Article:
October 11, 2011

First-degree murder is the most serious form of murder. In most states, it is categorized as “deliberate” – that is, the defendant made a clear-headed decision to kill the victim; “premeditated” – the defendant actually thought about the killing before it occurred (the period for this can be very brief); and “with malice”- doing a harmful act without just cause or legal excuse. So if someone decides to kill a business rival who is attempting a corporate takeover, gets a gun, waits for the victim in a deserted parking garage, and shoots him, that killing would have all the elements of first-degree murder. If, on the other hand, the competitors get in a fight when the rival announces his intentions to take over the other man’s business, and the second man picks up something and hits the rival with it, causing his death, that is not likely to be first-degree murder. The killer did not plan or make a decision to kill in advance.

Some states consider killings committed in specific way to be first-degree murder. Although these vary by state, they can include killing by poison, by lying in wait, and by torture. States may also presume malice if the killing is done with a deadly weapon.

Second-degree murder is killing another with malice – doing a harmful act without just cause or legal excuse – but without premeditation or deliberation. In other words, this means intentionally killing someone without planning to do so in advance. So, if a person becomes angry, walks over to a desk where he keeps a legal weapon for defense, takes out the gun and shoots the other, that may be second-degree murder. There was no plan or advance decision to kill, but the act of taking out the gun and shooting was intentional.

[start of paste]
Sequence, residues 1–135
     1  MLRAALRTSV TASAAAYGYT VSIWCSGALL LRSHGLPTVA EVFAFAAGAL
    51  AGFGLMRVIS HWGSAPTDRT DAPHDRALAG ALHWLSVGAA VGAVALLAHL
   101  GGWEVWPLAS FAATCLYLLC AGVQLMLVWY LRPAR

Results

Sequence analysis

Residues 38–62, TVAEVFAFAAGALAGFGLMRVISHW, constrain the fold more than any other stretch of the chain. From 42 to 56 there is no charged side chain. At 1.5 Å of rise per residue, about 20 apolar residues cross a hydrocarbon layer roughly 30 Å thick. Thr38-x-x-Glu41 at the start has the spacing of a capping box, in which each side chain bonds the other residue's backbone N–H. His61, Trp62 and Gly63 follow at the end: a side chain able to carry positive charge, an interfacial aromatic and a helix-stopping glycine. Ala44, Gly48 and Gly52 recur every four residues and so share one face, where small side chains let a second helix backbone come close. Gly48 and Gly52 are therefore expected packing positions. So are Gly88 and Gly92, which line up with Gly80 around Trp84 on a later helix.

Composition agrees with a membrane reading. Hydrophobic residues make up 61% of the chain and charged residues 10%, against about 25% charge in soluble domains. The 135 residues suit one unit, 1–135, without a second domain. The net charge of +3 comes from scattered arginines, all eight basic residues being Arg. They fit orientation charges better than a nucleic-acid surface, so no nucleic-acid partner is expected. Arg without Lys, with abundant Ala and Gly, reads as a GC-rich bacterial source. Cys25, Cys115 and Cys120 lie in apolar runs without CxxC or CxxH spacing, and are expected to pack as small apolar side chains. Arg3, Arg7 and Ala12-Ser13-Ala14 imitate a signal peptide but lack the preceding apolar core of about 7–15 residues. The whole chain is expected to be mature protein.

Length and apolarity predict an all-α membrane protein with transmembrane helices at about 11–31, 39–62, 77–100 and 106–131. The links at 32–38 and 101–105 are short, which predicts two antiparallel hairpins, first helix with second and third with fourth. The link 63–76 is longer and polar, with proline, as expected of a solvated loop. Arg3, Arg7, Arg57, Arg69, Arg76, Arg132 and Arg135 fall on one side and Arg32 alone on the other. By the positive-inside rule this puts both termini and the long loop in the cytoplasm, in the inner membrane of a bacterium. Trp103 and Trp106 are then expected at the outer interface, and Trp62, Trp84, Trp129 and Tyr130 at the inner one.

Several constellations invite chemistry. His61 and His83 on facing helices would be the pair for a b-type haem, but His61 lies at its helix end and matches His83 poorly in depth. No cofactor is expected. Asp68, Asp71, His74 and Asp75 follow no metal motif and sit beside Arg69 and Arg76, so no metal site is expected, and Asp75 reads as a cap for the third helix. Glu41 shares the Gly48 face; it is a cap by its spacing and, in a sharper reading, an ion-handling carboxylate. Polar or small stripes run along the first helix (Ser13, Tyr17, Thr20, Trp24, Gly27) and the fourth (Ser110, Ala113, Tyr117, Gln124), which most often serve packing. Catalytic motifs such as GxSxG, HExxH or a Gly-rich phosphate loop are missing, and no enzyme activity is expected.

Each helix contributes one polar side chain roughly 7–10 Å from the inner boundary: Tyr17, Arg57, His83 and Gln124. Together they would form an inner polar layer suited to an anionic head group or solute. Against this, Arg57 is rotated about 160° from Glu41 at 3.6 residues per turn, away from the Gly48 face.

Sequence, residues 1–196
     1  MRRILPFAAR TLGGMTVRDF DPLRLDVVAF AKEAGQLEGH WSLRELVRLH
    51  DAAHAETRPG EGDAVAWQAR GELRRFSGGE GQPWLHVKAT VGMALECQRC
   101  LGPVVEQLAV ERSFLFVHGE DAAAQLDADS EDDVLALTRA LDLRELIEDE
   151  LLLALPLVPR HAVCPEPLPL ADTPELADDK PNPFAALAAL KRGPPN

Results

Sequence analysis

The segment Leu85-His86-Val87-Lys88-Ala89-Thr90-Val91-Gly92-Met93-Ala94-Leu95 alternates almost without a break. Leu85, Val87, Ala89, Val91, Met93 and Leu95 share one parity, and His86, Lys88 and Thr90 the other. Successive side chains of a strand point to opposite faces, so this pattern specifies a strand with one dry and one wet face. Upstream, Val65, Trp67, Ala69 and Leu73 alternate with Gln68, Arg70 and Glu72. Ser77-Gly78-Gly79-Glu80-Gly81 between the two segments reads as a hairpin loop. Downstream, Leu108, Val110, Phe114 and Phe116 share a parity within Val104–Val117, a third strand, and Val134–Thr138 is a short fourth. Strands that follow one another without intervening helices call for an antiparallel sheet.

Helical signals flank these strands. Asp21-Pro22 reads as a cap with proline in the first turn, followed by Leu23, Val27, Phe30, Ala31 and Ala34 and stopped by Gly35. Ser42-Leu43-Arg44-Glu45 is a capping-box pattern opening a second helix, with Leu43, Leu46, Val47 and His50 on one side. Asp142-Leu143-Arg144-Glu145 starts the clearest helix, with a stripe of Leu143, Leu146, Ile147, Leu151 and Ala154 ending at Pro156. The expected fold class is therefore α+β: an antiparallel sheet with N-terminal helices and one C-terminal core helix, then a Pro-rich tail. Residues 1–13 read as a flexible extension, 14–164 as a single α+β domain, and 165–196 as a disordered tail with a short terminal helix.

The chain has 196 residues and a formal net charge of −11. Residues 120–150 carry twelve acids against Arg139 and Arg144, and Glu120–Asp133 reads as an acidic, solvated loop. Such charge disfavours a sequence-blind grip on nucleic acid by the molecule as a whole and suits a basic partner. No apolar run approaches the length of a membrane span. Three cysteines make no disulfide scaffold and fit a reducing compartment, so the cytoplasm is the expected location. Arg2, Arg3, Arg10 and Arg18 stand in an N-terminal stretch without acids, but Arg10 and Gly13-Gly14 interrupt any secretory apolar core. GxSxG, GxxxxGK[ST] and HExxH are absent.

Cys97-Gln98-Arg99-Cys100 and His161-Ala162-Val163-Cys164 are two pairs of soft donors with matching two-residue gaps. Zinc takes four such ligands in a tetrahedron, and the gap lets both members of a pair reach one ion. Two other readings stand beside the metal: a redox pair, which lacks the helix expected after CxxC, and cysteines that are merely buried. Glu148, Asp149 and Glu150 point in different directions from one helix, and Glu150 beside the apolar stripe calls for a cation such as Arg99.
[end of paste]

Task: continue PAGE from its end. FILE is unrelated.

Felony murder is a killing that happens during the course of the commission of a felony. Even a death that is an accident, will be considered felony murder by most states if it happens while a felony is being committed. For example, if someone becomes frightened and falls down a flight of stairs during a robbery, that would be felony murder in some states, even though the death was accidental and the robber did not mean to cause the death. If 3 people are involved in robbing a bank and one of them shoots a guard, against the wishes of the others, all 3 would be guilty of felony murder, since they willingly participated in the felony.

If the killing happens during certain felonies, determined by the state, it will be considered first-degree felony murder. The felonies most often included in this category are arson, robbery, burglary, rape, mayhem and kidnapping.

If you or a family member are looking at this type of crime, contact the experienced Riverside murder attorneys at Wallin & Klarich. We’ve have been helping criminal defendants for over 30 years. Call us at (888) 280-6839.


Author: Paul Wallin

Paul Wallin is one of the most highly respected attorneys in Southern California. His vast experience, zealous advocacy for his clients and extensive knowledge of many areas of the law make Mr. Wallin a premiere Southern California attorney. Mr. Wallin founded Wallin & Klarich in 1981. As the senior partner of Wallin & Klarich, Mr. Wallin has been successfully representing clients for more than 30 years. Clients come to him for help in matters involving assault and battery, drug crimes, juvenile crimes, theft, manslaughter, sex offenses, murder, violent crimes, misdemeanors and felonies. Mr. Wallin also helps clients with family law matters such as divorce and child custody.

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